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Crossruff Elopement

The key play was missed on this deal from a recent knockout team match. South became declarer in 4 H after the auction shown, and West led the S K. Put yourself in the South seat and ask yourself how you would proceed.

4 H by South

None Vul
S A 6 4 3
H J 7 4 2
D 8 2
C 5 4 2
S K Q 10 8 7
H Q 10 8
D J 10
C A 9 6
TableS J 9 2
H 5
D Q 9 6 5 3
C K J 10 7
Lead: S KS 5
H A K 9 6 3
D A K 7 4
C Q 8 3

West

1 S
All Pass
North

2 H
East
Pass
2 S
South
1 H
4 H

The actual declarer won the S A and drew two rounds of trumps, revealing that West held the guarded queen. It was a routine matter to ruff two diamonds in dummy, but there was no way to avoid the loss of three clubs and a heart — down one. Would you have done better?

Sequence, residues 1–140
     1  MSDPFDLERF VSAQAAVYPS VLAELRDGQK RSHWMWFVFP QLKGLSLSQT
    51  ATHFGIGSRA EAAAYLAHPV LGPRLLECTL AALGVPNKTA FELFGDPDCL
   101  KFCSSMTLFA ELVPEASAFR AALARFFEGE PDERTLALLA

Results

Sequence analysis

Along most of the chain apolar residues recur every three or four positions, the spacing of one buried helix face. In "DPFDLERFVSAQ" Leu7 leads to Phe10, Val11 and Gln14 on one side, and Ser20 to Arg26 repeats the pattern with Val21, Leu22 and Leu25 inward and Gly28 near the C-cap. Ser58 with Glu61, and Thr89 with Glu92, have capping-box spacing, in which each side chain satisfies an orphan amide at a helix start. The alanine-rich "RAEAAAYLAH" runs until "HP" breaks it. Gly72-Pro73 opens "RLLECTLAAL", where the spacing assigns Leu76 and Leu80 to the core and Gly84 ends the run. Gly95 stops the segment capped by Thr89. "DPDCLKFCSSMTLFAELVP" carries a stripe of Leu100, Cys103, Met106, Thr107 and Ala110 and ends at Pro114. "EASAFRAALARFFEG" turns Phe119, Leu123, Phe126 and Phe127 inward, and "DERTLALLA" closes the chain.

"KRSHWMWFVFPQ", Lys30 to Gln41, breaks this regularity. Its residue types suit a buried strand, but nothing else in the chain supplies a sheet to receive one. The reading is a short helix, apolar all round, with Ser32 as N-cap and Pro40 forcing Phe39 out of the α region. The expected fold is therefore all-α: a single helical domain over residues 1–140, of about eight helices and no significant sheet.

The key play is very subtle but would be normal technique for an expert. At trick two, declarer should ruff a spade in his hand. This alone accomplishes nothing, but it sets the stage for a successful crossruff and trump elopement.

After ruffing the spade, declarer cashes two trumps and two diamonds, then ruffs a diamond in dummy as West pitches a spade. Another spade is ruffed, and the last diamond is led, giving West an insoluble problem: He cannot afford to ruff (declarer would pitch a club from dummy); he cannot throw his last spade (else the S 6 would be good), so he pitches a club. Declarer then is able to ruff the last spade in his hand as West has to follow suit. That’s 10 tricks if you’re still with me.

There is a fine line in deciding whether to ruff in the longer trump hand. It is generally wrong if declarer plans to establish his side suit; but on crossruff deals, it is usually right. The chance to elope with an extra trick is greater if your trumps are evenly divided.

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© 2000 Richard Pavlicek